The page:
Sutherland 2 Surf fun-run

Andrew at the Finishing lineThis past weekend, I completed another of my 2010 goals – to complete the Sutherland2Surf fun-run. This is an 11km run from Sutherland to the Wanda Beach surf club. I entered the run for the first time in 2009 and enjoyed it, so went back for more. I also saw this as a good opportunity to see if I had done ‘better’ in 2010 than in 2009. The quick story:

  • 2010 time: 56:59.
  • 2009 time: 58:46.

I did not ‘train’ for the event specifically, preferring to keep up the riding and exercise regime as best I could. I turned up on the day and went for a run, and had a great time. And this here is the importance of exercise to me – it has to be relaxed and fun. Sure, I can get all serious about something (turn on a ‘race-face’ and psyche myself up) – but that’s not what it’s about for me.

There are many people who fixate on numbers. I posted the times at the top to get it out of the way, but I don’t go into these events worrying about numbers. I often get asked ‘how much weight have you lost?‘ as part of My Proactive Life – I cannot tell you as it was never the main focus of my project! In any case, the  purpose of my run was to have fun. During the run I wasn’t always feeling like it was ‘fun, but I did enjoy myself! I especially liked how my boys wanted to be there to pick me up at the end of the race 🙂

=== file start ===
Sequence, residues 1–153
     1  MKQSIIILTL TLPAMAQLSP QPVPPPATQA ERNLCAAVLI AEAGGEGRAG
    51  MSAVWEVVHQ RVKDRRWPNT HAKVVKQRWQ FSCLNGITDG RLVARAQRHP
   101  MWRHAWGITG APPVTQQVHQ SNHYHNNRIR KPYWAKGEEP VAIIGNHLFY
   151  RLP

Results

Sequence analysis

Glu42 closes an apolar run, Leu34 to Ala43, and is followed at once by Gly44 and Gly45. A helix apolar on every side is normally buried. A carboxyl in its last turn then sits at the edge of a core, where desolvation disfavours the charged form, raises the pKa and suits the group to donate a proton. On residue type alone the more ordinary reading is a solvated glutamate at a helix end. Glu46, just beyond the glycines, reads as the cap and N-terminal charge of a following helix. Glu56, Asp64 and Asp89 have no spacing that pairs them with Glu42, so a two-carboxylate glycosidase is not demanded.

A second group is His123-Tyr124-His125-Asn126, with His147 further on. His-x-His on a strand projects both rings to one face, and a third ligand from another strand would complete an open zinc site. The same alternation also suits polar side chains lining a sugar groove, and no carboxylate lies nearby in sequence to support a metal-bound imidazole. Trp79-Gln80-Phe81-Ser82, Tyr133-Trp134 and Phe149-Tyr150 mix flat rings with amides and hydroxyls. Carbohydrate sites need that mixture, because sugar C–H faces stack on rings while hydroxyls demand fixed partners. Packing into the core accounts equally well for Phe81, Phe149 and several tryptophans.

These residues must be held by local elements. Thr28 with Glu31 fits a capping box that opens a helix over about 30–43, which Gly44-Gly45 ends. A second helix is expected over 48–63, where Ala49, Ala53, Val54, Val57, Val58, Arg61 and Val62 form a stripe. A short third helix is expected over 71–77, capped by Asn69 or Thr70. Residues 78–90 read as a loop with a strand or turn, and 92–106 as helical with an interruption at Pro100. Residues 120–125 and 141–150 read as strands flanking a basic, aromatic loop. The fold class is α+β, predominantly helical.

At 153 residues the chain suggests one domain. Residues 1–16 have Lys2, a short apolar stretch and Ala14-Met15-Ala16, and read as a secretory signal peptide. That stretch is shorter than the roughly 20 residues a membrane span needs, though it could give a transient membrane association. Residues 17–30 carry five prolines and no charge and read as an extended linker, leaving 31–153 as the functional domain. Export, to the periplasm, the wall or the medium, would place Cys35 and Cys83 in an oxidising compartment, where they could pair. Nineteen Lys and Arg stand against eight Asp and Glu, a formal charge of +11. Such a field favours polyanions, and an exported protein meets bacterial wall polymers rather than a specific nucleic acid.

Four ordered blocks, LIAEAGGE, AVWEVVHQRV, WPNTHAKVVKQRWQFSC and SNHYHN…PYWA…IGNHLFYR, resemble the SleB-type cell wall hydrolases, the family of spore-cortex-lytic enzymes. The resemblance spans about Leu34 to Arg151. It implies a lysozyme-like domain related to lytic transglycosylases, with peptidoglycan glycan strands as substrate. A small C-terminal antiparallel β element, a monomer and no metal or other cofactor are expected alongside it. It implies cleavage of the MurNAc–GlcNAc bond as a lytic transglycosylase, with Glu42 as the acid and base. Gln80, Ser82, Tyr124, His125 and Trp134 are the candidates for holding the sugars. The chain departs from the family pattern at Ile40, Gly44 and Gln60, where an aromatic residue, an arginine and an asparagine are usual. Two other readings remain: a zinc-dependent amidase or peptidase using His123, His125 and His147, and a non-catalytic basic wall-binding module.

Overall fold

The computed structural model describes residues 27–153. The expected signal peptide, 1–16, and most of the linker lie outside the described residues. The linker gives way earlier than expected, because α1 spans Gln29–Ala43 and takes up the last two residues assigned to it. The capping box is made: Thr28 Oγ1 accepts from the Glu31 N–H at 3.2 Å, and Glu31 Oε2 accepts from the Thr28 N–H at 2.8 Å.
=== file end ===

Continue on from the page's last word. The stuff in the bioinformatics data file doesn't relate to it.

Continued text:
Anyway, onto the run!

I decided to run to music this time as many reports suggest you can go further/faster/better as your mind is distracted and does not let you focus on negatives like how much you need the loo, or how thirsty you are! I ran to a Podrunner workout track known as 135-175bpm Upward Mobility. As the name suggests it increases in tempo as the song progresses – the music started out relatively slow (for my liking, I like things in the 150-160bpm range) but soon built up. The mixes are approx 1 hour in length so was perfect for this run. My goal was simply to run to the beat. Every beat = a foot striking the ground. And for the most part, I did it!

I did walk whilst having a drink at 2 of the 3 drink stations (no-one looks coordinated trying to drink from a paper cup whilst running…no-one!) but for no more than a minute, then straight back into it. I found the music took care of my feet allowing me more time to enjoy the scenery and talk to myself. I thought about various things during this run, some of which you’ll hear about in future blog posts/twitter updates, here are some of them:

  • There’s a moment during a run where you hear nothing – the feet of everyone around you seems to hit the ground at the same time, creating ‘pockets of silence’. They don’t happen too often but are perfect little slices of silence you’d never expect during a run!
  • Even though it was a chilly morning I was glad I dressed simply; some people were overdressed and carrying their gear with them.
  • Anyone who runs with a pram/child is a hero. Anyone who does it AND pulls away from me is a LEGEND!
  • I tend to notice just how much incline/decline there is in a road whilst running; more so than when cycling or driving a car.
  • I feel as one with the terrain whilst running – something you don’t feel in a vehicle
  • I feel a silent camaraderie with the other runners – for a small period of time you share space/time with other people whom you may never be in close proximity to ever again or paths could cross at any time in the future.